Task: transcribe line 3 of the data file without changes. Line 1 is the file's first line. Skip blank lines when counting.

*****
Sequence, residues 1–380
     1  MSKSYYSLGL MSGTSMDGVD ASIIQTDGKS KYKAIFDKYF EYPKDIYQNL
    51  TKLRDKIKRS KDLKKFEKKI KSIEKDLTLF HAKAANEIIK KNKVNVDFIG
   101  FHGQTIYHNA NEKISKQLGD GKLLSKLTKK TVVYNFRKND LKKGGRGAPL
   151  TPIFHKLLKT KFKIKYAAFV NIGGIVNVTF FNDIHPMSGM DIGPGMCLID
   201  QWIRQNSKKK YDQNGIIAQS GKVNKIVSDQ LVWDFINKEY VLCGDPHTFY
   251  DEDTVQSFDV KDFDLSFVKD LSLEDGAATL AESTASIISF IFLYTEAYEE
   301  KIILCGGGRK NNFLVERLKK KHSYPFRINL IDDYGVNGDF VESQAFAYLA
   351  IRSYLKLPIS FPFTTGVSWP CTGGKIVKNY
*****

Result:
    51  TKLRDKIKRS KDLKKFEKKI KSIEKDLTLF HAKAANEIIK KNKVNVDFIG